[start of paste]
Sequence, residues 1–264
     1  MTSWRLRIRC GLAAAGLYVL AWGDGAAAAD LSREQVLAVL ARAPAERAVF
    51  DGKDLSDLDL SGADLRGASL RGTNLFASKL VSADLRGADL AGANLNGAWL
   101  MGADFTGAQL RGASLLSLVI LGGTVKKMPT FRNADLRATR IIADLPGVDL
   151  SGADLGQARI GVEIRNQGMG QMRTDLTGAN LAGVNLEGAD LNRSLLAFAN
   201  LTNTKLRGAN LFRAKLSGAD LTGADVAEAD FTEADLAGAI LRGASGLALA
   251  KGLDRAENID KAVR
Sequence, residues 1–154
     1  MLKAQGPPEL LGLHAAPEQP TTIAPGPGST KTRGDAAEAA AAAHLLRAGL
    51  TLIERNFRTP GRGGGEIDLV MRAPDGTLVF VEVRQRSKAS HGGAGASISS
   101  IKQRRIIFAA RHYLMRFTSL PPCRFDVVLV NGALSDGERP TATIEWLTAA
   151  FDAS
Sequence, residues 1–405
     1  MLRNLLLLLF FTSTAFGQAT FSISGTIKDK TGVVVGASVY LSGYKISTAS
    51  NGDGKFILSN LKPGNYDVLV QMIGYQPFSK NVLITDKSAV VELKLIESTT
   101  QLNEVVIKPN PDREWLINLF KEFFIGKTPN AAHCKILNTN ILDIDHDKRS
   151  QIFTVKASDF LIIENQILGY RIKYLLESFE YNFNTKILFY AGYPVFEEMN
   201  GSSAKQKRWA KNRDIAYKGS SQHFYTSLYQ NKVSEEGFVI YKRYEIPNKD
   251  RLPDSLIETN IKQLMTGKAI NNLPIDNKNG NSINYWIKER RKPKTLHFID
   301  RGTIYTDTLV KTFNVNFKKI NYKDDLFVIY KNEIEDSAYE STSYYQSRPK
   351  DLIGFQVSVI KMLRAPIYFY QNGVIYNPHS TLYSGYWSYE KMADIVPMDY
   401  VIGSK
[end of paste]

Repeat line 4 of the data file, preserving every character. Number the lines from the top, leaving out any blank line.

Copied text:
   101  MGADFTGAQL RGASLLSLVI LGGTVKKMPT FRNADLRATR IIADLPGVDL